Holiday time in the kitchen
When it’s a special occasion such as a birthday or holiday, gifts don’t always have to cost a lot. Presents from the heart can mean so much more. If you love cooking, why not share this talent with your little ones? They’ll love spending time in the kitchen with you, getting their hands sticky and joining in the fun.
Choosing your idea
Cookbooks can be great inspiration for your holiday cooking. Look at the recipes and the pictures together and talk about what you want to make. Cooking together is a great way to spend the holidays and provides a great opportunity for your child to learn new words along the way.
Encourage your child's writing skills by getting them to help you write the list of ingredients from the recipe with the correct amounts. Add any other equipment you’ll need such as paper cups, or toppings such as cachous, sprinkles or chocolate bits! Don’t skip over new words, explain them as you go.
At the shop, ask your little one to help weigh things you need. It’s great for their numeracy and literacy, especially if they read the labels on the packets and tick them off the list.
Help strengthen their gross (large) and fine (small) motor skills by allowing your little one to stir ingredients, roll dough into different shapes with their hands or a rolling pin, or measure out ingredients and cut biscuits into shapes with a biscuit cutter.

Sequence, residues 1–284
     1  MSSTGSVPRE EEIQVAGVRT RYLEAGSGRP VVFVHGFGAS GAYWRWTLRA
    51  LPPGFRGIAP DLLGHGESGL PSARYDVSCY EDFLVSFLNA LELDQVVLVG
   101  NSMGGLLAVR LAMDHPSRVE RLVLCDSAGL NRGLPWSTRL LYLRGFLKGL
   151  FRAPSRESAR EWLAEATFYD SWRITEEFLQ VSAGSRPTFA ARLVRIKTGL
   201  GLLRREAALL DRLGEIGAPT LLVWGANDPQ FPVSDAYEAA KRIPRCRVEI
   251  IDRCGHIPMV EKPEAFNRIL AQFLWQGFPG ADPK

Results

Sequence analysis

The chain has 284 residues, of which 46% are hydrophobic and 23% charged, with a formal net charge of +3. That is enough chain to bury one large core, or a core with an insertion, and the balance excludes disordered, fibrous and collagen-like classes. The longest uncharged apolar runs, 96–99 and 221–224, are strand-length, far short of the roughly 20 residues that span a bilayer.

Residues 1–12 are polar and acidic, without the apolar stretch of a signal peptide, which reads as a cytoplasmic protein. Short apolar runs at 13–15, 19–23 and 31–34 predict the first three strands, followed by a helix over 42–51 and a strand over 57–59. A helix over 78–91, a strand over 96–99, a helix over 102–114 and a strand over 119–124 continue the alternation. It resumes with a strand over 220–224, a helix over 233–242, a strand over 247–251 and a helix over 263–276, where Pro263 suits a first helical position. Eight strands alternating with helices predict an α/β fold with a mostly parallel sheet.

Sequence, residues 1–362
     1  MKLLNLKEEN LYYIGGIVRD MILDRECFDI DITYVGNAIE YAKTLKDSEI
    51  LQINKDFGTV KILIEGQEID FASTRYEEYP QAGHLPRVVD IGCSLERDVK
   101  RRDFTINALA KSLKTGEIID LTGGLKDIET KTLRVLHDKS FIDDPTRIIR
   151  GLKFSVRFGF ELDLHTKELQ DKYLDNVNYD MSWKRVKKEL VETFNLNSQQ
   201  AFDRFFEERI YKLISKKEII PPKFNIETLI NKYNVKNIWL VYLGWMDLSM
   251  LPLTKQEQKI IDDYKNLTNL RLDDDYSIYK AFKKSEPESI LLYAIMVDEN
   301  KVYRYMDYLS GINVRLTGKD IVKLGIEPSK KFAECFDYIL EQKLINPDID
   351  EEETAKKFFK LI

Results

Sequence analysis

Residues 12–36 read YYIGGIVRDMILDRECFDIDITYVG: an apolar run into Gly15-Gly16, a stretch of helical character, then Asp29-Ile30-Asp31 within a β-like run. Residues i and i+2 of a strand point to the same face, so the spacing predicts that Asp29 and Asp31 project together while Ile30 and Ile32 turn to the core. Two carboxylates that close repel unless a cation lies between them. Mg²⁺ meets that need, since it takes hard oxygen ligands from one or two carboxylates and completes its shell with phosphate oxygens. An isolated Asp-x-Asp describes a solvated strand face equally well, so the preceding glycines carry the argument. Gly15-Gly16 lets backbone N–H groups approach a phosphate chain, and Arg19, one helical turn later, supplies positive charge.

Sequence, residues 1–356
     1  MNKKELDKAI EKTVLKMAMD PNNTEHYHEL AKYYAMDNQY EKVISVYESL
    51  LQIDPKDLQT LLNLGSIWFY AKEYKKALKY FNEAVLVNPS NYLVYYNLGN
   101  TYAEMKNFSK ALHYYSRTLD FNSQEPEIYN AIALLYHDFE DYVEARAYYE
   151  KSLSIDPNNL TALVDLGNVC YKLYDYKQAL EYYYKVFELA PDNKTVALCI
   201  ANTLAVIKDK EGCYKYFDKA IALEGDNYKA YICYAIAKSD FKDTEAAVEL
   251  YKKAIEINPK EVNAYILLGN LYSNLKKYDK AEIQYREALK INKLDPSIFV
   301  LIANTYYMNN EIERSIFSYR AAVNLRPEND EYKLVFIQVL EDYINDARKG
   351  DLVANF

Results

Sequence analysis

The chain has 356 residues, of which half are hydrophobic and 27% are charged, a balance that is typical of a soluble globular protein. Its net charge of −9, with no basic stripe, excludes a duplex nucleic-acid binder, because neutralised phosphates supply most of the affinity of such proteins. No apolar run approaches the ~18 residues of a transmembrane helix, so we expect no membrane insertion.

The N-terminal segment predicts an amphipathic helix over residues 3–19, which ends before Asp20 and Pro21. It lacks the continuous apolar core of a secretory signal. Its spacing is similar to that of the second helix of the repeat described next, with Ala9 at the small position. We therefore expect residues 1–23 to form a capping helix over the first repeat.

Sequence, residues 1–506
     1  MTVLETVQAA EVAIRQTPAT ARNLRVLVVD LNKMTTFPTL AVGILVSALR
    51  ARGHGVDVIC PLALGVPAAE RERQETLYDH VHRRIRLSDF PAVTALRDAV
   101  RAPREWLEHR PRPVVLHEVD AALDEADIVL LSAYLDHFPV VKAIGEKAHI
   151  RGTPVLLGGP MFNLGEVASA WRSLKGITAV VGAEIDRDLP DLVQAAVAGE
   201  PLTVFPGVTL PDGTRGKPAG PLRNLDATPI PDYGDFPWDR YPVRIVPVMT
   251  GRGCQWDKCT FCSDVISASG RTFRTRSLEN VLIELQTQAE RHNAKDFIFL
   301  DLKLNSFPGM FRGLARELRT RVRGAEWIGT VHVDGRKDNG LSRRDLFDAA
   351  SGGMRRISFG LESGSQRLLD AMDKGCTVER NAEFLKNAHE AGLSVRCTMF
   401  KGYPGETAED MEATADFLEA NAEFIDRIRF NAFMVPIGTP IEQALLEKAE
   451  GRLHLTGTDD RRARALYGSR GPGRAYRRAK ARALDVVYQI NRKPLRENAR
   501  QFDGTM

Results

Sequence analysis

Explain processes as you go, and discuss words like sifting, whisking and beating. Talk about how you use kitchen scales to measure the flour and how the recipe has the oven temperature and the cooking time required.
Discuss the different tools you're using, such as cookie cutters, rolling pins and spatulas. Explain their uses and how you stir with a spoon, flatten with a rolling pin and get rid of lumps in a sieve.
The personal touch
Add to their experience by involving all their senses. Ask your little ones if they like the smell of the biscuits in the oven, what the cake tastes like or if can they hear the crunch of the slice when they take the first bite.
Children will love decorating biscuits and cupcakes, or wrapping fudge in colourful paper or containers with stickers. Use adjectives like shiny, sticky, colourful, glittery or sparkly.
Why not go further and design your own labels? Encourage children to decorate the gift box for fudge, design their own tag, tie the ribbon, write their own message and draw a picture for the cover of the home-made card! Talk about what they’re doing as you go and give them plenty of time to answer in their own words.
At the end, help build their memories by talking about what you’ve done together. Ask children what they liked most - was it mixing the ingredients, shopping from the list or wrapping their gift? Encourage your children to make their own recipe book, with pictures of what they did and the dishes they made. Add labels as they describe the process so you can share it again with friends and family.
It’s worth the effort
It’s a busy time of year, so when you have to move fast this is not the time to involve a toddler! Involve your little ones when you can, and remember that the extra time and effort this takes in preparation (and definitely in cleaning up) is building a strong language foundation for them in later life. Hearing and seeing new words used in a real-life situation, equips children to better understand and express themselves, and the yummy things to eat are a nice bonus.
Check out this blog for more ideas and books about cooking to share